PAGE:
Greenwich Village in the 1920s is the setting for Pauline Samuels's coming of age. Fresh from high school in Newark, Pauline plunges into the social whirl of speakeasies and artists' parties, political rallies and casual love affairs. As her experiences multiply, so does her self-awareness. Thus, at the end of the novel, this bright young woman is no longer the callow flapper of the first chapter. Silber, who won the 1981 Ernest Hemingway Award, has written a densely textured period piece that deftly chronicles the timeless story of a young woman's awakening to the world around her and to her own psyche. Highly recommended for public libraries. Andrea Caron Kempf, Johnson Cty. Community Coll. Lib., Overland Park, Kan.
"I know no one else who writes as Joan Silber does, with such an immediate contemporary voice, about our secret yearnings for a spiritual life," observes Margot Livesey, author of Banishing Verona.
Joan Slber is the author of four other books of fiction -- Lucky Us, In My Other Life, In the City, and Household Words, winner of a PEN/Hemingway Award. Her work appears in the current O. Henry Prize Stories and The Pushcart Prize, and in Norton's The Story Behind the Story: 26 Stories by Contemporary Writers and How They Work. Her stories have been published in The New Yorker, Ploughshares, The Paris Review, and other magazines. She's received awards from the Guggenheim Foundation, the NEA, and the New York Foundation for the Arts. Silber lives in New York City and teaches at Sarah Lawrence College and has taught in the Warren Wilson College M.F.A. Program. She is currently at work on a novel about travel, and is also writing a book on time in fiction for Graywolf's Craft of Fiction series.
Silber says that the first story in Ideas of Heaven grew out of an incident someone told her about a dance coach humiliating his female student. The coach's repeated question, "How much do you want it?" suggested, for Silber, the lure of a higher purpose and the religious impulse sometimes embedded in odd places. The story's villain became the protagonist of the next story, and Silber saw that what she really wanted to write about was sex and religion -- "forms of dedication, forms of consolation" -- which she saw often filling in for each other.
Author biography courtesy of the National Book Foundation.
Good To Know
Some interesting outtakes from our interview with Silber:
"The title story of Ideas of Heaven is about American missionaries in China, and I based it loosely on a book of letters from a woman sent out in the 1890s by Oberlin College. I visited China just as I was beginning this story, and something quite amazing happened. In a park in Luoyang a man in his 70s began chatting with me in very good, American-accented English. When he heard I was a college professor, he asked if I'd heard of Oberlin College. It turned out he'd been taught by Oberlin missionaries in Shanxi in the 1930s -- a later group of the Congregationalists who were the models for my characters. I couldn't get over the coincidence, though I don't think it seemed astounding to him. His name is Li Xing Ye (he uses Mark Lee in English), and we've written many letters back and forth since then. I sent him a copy of the book and he was very pleased -- he did say it would take him a long time to read it."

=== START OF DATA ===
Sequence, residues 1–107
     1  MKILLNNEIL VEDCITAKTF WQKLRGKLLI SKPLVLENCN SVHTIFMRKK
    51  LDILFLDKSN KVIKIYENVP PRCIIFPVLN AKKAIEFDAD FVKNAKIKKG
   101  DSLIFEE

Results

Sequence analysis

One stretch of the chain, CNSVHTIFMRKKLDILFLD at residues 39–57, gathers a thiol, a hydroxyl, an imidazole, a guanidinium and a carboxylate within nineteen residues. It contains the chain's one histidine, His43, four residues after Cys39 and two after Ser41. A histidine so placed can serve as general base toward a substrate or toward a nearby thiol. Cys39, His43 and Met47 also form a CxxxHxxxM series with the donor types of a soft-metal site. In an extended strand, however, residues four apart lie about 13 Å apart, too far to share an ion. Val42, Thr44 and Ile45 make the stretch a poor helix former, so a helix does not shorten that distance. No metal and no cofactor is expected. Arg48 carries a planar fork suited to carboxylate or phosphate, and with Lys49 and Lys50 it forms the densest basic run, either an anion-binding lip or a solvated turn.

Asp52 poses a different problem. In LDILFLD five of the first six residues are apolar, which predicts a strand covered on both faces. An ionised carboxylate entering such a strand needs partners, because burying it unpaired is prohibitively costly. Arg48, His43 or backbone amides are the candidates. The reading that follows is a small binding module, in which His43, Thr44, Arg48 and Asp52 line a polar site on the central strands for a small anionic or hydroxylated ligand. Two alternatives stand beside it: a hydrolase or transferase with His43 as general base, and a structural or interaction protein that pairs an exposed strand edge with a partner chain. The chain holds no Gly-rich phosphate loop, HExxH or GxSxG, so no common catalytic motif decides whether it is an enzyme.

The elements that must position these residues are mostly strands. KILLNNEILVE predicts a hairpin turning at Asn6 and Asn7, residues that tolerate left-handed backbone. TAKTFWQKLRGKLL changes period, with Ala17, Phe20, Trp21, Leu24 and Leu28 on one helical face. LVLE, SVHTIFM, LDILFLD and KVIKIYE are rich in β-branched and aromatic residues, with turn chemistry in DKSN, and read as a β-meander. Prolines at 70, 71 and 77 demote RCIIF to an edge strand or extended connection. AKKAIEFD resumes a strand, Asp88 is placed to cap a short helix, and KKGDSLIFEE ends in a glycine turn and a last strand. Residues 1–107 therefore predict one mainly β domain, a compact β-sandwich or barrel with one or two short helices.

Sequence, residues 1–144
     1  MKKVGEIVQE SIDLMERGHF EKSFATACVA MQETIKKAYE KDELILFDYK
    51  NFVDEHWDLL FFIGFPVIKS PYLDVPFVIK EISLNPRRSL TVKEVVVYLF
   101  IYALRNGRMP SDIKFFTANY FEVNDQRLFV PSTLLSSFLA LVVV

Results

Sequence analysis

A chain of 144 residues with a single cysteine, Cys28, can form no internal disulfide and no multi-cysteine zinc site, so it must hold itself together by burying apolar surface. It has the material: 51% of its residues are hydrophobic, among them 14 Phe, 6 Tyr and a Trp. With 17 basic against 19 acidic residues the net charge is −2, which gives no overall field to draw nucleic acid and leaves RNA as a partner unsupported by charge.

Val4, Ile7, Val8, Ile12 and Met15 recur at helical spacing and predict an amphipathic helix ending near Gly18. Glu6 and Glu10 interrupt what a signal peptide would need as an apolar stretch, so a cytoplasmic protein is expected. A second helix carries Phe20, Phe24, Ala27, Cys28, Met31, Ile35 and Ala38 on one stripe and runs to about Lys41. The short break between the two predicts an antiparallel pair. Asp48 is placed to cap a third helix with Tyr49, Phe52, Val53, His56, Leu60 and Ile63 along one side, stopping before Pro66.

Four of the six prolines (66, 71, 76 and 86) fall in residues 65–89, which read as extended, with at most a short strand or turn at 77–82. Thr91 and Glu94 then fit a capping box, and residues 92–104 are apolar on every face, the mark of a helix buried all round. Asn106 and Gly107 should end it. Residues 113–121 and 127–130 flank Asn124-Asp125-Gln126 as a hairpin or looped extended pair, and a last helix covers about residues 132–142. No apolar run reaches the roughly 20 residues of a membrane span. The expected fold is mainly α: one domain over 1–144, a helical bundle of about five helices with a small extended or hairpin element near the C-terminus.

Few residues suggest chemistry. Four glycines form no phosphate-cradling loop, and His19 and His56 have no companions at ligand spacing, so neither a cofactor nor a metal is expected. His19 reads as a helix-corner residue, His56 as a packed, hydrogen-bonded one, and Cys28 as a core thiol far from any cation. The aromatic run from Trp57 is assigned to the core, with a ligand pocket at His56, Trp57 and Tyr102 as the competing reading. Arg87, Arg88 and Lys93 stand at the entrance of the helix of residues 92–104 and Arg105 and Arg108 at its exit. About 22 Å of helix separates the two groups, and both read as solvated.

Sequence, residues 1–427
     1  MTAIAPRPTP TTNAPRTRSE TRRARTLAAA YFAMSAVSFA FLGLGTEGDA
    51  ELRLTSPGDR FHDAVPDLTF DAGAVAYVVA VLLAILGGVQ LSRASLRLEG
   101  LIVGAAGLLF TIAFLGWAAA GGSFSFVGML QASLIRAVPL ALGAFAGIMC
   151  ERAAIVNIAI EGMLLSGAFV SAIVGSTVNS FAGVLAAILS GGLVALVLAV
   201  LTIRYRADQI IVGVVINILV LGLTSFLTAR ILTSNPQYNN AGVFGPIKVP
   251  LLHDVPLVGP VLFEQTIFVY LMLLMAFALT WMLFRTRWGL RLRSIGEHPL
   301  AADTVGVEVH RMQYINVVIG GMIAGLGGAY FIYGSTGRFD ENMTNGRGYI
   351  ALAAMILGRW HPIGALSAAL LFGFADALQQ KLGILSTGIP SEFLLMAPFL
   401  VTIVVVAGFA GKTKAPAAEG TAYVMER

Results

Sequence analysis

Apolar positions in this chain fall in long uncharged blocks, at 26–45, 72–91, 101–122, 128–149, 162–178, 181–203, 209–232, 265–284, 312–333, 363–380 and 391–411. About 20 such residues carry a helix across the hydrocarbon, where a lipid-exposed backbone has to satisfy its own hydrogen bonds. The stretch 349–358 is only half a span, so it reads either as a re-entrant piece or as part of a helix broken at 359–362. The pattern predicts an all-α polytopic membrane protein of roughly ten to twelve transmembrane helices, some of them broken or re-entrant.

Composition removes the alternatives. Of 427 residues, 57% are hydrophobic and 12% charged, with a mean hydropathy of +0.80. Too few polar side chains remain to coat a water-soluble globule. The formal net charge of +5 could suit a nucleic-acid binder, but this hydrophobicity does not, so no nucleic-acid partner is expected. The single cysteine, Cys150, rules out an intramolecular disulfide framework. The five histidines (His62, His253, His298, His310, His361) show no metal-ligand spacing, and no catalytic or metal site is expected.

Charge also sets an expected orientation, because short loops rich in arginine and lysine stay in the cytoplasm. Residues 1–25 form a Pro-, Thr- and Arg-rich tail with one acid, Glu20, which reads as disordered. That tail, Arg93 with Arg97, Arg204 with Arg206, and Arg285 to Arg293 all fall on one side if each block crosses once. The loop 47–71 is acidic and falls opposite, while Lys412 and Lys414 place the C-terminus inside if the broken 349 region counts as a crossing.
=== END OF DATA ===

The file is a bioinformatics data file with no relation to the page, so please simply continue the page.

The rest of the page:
"Grace Paley, my first fiction writing teacher, was a crucial influence. She taught me that humor could be a component of serious fiction and that character was always the thing to look at. Her first assignment was to write something in the voice of an actual person you didn't like.
"I've lived in New York my whole adult life, and as Burt Lancaster says in The Sweet Smell of Success, ‘I love this dirty town.' New Yorkers tend to stake their honor on their degree of self-possession -- whining is okay but panicking is not. They don't necessarily succeed in this and can blunder as badly as anywhere, but this is their standard, their own form of cowboy valor. I have to admit that I'm drawn to this sort of urban restraint."
"When my writing career was not going well, I began putting in volunteer time as a Buddy -- a kind of weekly helper -- to a person with AIDS. It turned out to be a totally great thing to do -- it retuned my perspective and expanded what I thought I could do. I'm still doing it eight years later."